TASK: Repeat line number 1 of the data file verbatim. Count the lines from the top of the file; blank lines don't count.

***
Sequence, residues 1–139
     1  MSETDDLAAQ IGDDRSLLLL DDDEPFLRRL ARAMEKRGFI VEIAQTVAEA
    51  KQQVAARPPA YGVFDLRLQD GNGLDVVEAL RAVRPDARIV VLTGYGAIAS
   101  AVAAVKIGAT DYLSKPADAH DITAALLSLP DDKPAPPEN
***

Sequence, residues 1–139